Published in InterAction 69, Autumn 2009
Shannen Dabson, age 14, from Essex, was one of a number of speakers with M.E. who gave presentations at the Royal Society of Medicine (RSM)’s ‘Medicine and me’ conference on M.E./CFS in London on 11 July. What follows is an extract from Shannen’s account. Read her full story online on our website under Faces of M.E.
My name is Shannen and I have had M.E. for 6 years. I found it difficult at first coping with the illness and other people’s reaction to it. I turned so quickly from a lively, popular girl into someone who couldn’t walk far, found standing impossible, couldn’t abide the smell of food cooking, bright lights or watching TV.
I wasn’t really living anymore. I had to be carried everywhere, I couldn’t even be alone on the toilet anymore once I started to have fits. I used to enjoy being top of the class, going to athletics, being in the swimming club and riding horses. I couldn’t imagine ever being well again.
Mum had bother with the school from day one. They refused to send newsletters, homework, cards or even invite me in for the school photo. It was like they’d written me off. The Head said that I was one of their brightest pupils and me being sick had messed up all their predictions.
The school wouldn’t tell us from one term to the next what they’d be studying to allow me to prepare or for
Mum to stock up at the library.
They’d have me carrying the classes’ heavy books and were supposed to let me go if I held up a red card. They’d stall. “After 5 minutes Shannen,” “After break Shannen,” “When your Mum gets here Shannen.”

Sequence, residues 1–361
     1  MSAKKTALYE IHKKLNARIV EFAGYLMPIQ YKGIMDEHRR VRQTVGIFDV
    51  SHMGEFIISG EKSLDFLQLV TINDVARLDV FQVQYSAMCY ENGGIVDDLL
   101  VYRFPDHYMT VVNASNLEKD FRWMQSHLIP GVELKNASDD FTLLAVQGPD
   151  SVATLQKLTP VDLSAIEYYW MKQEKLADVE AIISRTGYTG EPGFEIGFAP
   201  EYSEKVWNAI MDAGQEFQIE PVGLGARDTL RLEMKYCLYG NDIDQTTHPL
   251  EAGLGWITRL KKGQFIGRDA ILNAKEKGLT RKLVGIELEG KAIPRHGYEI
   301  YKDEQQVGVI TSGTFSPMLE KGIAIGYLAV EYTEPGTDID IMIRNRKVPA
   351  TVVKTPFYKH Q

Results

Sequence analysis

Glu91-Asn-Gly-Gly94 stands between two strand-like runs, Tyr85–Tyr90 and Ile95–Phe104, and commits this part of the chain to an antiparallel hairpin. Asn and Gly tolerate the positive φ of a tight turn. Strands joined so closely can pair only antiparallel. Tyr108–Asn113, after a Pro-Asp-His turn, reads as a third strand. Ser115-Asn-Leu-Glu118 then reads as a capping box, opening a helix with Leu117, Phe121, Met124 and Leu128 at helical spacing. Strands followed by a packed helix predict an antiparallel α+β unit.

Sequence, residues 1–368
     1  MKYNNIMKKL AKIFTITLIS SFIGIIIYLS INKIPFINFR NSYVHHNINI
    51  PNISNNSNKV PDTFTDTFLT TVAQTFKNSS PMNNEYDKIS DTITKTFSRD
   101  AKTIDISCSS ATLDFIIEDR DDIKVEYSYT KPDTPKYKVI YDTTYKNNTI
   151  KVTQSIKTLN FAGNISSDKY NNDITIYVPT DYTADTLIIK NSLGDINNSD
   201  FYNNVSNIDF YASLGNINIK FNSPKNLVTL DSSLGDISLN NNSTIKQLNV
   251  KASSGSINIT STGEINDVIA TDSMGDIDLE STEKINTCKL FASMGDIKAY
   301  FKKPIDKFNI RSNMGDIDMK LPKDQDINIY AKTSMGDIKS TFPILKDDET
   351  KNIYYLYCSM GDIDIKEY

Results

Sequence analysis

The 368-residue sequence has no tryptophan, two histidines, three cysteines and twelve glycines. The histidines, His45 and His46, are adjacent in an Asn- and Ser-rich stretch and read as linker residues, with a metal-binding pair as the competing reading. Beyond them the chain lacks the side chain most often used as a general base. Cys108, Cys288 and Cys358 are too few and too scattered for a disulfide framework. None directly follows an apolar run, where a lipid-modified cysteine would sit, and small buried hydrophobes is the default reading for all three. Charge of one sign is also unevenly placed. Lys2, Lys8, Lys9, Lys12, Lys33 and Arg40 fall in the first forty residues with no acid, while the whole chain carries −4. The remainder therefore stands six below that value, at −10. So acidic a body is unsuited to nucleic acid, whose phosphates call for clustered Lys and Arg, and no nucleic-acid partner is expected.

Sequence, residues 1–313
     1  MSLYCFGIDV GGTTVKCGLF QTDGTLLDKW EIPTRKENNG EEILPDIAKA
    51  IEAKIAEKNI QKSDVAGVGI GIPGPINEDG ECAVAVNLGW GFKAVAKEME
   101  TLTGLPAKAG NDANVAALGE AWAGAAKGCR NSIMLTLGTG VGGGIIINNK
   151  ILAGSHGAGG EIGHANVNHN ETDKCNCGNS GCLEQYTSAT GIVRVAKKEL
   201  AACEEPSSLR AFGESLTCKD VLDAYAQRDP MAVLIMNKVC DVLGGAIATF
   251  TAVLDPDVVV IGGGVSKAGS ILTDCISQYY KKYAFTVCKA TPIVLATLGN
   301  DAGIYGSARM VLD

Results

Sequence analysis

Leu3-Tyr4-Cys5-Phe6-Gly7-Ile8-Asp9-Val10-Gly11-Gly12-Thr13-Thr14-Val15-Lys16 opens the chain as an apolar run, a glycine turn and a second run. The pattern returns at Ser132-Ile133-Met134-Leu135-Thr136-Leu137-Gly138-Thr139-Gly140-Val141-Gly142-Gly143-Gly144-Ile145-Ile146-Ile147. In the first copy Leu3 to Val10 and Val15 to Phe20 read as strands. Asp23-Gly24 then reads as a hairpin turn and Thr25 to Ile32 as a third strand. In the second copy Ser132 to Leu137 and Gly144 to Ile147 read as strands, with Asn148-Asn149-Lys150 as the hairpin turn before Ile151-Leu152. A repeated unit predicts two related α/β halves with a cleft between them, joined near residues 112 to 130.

Soon after this I found the doctors had missed a serious heart condition. I was effectively excluded for a while after this. The teachers wouldn’t let me in until the doctors said what exactly was wrong with me, meanwhile the doctors wouldn’t agree.
Before I got ill I’d always been gifted at maths so my mum started to teach me – often in the middle of the night as that was my most awake time. We just did a little every couple of days to stop me getting rusty.
At the end of Primary I had something like 0.5% attendance but I achieved all Level 5s – the top in my year group. Several parents asked my mum to tutor their kids to get them ready for secondary school!
I became the Young Advocate of the Tymes Trust which made me very proud. It also gave me confidence. I must have been doing something right to have been chosen.
I decided to take my GCSE in Maths. Unfortunately two months before the (exam) I was ill with thyrotoxicosis and had to pull out. However I persevered and passed my Maths and Religious Studies the next year.
This year I’ve taken four more. I study for a maximum of one hour in the afternoon, often not getting out of bed. You’d be amazed what can be achieved one-to-one.
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